May 15 – Feast of St. Dymphna, Patron Saint of Those with Nervous Disorders and Mental Illness For more information, visit the National Catholic Partnership on Disability at http://www.ncpd.org/ministries-programs/specific/mentalillness
Week 3 – Third in a series of what our Faith Community can do to minister to those with mental health challenges, and their families.
The dignity of the individual is paramount in our belief that we are all created in the image and likeness of God. Our language should reflect our belief. When talking about mental health challenges, we need to use “people first language.” We refer to people as the persons they are – not the disease or disability they have. So we say, “a person who is experiencing mental health challenges” or “a man or woman with a mental illness.” We avoid referring to people using terms like “the mentally ill” or “the depressed.” As people of compassion and justice we should never use stigmatizing language or demeaning terms. Careful use of language is more than being “politically correct.” It is a way of communicating that people with mental health challenges, as Pope John Paul II said, “have the inalienable right not only to be considered as an image of God and therefore as a person, but also to be treated as such.” As a faith community, we can reflect on our words and our willingness to make people welcome in our parish community. For more information, visit the National Catholic Partnership on Disability at http://www.ncpd.org/ministries-programs/specific/mentalillness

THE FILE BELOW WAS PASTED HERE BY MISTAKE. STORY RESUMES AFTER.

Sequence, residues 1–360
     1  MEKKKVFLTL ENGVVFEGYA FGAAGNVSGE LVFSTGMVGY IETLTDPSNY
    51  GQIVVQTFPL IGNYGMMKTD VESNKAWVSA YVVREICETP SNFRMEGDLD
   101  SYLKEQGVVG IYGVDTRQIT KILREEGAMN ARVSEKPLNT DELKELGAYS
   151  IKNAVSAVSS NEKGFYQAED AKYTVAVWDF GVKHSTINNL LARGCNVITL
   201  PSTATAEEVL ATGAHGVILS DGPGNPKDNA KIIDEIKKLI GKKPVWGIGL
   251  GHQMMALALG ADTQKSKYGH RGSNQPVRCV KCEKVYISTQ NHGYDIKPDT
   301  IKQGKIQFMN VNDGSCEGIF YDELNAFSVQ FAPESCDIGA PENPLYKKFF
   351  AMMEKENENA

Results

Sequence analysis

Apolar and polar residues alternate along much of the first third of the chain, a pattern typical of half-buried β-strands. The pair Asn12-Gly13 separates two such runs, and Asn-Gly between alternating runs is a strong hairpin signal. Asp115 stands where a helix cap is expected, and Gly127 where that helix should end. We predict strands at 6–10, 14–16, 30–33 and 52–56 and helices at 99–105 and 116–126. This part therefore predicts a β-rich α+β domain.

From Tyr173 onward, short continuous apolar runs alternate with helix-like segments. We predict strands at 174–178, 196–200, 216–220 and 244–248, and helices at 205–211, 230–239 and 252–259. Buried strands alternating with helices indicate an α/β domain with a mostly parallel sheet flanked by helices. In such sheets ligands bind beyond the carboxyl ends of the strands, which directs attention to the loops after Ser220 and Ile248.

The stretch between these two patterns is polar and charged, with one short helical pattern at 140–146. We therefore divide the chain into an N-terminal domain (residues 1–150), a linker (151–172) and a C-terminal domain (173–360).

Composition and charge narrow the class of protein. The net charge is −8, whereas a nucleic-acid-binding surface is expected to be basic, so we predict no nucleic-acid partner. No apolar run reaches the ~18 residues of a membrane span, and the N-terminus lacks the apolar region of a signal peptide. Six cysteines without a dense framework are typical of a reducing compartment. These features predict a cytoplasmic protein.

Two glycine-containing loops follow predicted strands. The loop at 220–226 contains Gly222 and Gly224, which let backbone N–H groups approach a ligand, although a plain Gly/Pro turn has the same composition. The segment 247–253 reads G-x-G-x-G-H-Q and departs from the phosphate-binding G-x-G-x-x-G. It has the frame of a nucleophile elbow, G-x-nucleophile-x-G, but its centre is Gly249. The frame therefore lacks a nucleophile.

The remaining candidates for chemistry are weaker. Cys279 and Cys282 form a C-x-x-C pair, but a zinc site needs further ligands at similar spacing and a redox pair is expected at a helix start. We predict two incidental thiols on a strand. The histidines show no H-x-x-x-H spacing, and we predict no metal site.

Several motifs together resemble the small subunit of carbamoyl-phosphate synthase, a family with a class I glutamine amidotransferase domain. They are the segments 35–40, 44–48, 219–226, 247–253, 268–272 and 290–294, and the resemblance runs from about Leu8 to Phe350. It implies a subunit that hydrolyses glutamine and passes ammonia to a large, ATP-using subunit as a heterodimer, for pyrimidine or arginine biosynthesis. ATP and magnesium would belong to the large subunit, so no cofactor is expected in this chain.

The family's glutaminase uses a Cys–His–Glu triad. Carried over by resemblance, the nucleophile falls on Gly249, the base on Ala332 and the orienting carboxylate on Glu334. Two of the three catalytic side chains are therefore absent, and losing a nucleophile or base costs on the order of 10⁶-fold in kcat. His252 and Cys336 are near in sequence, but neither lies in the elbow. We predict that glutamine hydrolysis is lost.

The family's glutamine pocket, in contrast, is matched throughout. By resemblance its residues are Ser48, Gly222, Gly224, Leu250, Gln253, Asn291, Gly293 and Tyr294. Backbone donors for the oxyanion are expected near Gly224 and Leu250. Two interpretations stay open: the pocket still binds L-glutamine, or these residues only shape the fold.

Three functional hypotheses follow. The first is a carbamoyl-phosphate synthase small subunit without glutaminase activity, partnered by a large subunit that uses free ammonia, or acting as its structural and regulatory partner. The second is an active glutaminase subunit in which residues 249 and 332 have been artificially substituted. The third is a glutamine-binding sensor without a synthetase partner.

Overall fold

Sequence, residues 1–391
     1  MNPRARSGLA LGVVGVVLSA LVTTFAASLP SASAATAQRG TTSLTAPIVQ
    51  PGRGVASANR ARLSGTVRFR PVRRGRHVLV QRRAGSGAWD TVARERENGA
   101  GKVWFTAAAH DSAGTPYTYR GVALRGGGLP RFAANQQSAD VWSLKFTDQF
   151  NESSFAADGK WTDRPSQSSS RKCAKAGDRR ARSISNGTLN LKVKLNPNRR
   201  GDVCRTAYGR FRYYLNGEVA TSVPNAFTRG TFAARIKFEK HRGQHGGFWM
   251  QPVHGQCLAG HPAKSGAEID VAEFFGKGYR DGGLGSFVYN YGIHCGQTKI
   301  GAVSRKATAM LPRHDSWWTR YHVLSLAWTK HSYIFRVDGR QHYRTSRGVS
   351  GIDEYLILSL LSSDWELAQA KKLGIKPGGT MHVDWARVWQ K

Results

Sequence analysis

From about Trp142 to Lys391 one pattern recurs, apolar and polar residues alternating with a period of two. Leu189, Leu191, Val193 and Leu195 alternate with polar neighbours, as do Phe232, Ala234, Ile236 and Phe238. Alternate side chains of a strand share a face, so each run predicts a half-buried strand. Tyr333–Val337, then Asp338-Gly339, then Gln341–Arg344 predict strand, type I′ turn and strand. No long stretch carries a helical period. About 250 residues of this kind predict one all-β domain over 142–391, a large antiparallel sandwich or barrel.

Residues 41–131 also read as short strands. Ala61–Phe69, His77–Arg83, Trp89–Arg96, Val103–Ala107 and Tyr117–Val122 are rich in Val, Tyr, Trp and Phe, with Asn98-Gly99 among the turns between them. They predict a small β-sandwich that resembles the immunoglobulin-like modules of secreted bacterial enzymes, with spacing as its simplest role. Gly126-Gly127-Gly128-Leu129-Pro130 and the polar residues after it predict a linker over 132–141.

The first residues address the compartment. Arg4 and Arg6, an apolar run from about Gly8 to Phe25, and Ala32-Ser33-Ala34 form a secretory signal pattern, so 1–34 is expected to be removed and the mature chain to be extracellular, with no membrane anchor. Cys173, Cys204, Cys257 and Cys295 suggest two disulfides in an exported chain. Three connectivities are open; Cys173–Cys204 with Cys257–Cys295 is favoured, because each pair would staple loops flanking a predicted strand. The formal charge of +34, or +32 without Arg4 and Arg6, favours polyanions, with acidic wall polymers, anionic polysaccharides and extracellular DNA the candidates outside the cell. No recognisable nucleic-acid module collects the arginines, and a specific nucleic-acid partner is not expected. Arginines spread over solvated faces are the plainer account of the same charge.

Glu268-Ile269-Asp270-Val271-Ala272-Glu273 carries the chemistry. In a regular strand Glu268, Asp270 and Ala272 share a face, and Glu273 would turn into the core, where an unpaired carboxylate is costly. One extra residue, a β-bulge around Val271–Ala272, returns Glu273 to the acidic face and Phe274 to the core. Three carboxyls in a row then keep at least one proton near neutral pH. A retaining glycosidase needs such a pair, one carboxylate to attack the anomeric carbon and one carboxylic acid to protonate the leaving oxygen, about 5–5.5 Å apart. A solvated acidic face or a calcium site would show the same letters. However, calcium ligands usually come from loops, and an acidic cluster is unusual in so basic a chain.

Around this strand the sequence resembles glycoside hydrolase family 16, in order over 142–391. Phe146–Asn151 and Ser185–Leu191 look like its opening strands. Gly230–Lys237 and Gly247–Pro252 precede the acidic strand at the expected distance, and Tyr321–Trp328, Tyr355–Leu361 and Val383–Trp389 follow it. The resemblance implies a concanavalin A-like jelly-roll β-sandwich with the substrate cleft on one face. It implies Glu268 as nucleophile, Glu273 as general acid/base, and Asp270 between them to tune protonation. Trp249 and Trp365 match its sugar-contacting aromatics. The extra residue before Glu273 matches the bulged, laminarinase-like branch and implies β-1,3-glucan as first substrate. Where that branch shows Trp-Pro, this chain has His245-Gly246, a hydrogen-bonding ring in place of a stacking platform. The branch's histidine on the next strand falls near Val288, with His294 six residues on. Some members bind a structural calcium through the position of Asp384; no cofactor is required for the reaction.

Week 4 – Fourth in a series of what our Faith Community can do to minister to those with mental health challenges, and their families.
Many people with mental health challenges are in recovery and lead normal lives – doing the same every day activities that everyone else does. Due to the stigma associated with mental illness, you and I are probably not aware of their challenges. They are not likely to tell anyone at work or in the neighborhood that they have a major mental illness. Some, while they are able to work, sometimes find the illness debilitating. They miss work for periods of time; and can’t do every day activities. Tragically, they might have health insurance while they can work – and not need it; and then have no health insurance when they can’t work and are in need of the health care. Some will never be able to work, and have to rely on public assistance and programs to help them throughout their life. Still others find themselves in a constant cycle of crisis due to the lack of health insurance or inadequate and inconsistent systems of mental health services. As a faith community, we can make a difference in people’s lives by being accepting of their illness, comforting them in times of crisis, supporting them when needed, and assisting them in their search for mental health services. In justice, our advocacy is needed for better systems of care, and fair employment and housing practices that serve people with mental health challenges, and their families. For more information, visit the National Catholic Partnership on Disability at http://www.ncpd.org/ministries-programs/specific/mentalillness